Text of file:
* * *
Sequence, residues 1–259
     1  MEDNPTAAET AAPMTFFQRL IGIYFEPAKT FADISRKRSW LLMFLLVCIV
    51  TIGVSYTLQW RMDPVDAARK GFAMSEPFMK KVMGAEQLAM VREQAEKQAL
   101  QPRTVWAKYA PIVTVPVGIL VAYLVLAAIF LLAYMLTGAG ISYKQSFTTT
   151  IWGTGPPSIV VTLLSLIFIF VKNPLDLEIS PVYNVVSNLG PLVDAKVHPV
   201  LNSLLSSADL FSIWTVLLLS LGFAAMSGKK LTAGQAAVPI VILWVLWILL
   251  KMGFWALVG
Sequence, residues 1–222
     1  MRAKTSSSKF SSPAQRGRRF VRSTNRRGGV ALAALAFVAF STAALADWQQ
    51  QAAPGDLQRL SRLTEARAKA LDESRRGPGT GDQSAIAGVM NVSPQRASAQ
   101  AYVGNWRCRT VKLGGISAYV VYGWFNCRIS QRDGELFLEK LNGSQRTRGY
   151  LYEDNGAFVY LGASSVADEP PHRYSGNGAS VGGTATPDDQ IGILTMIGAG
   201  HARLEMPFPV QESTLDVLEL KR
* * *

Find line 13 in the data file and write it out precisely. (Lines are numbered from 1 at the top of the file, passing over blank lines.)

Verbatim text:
   201  HARLEMPFPV QESTLDVLEL KR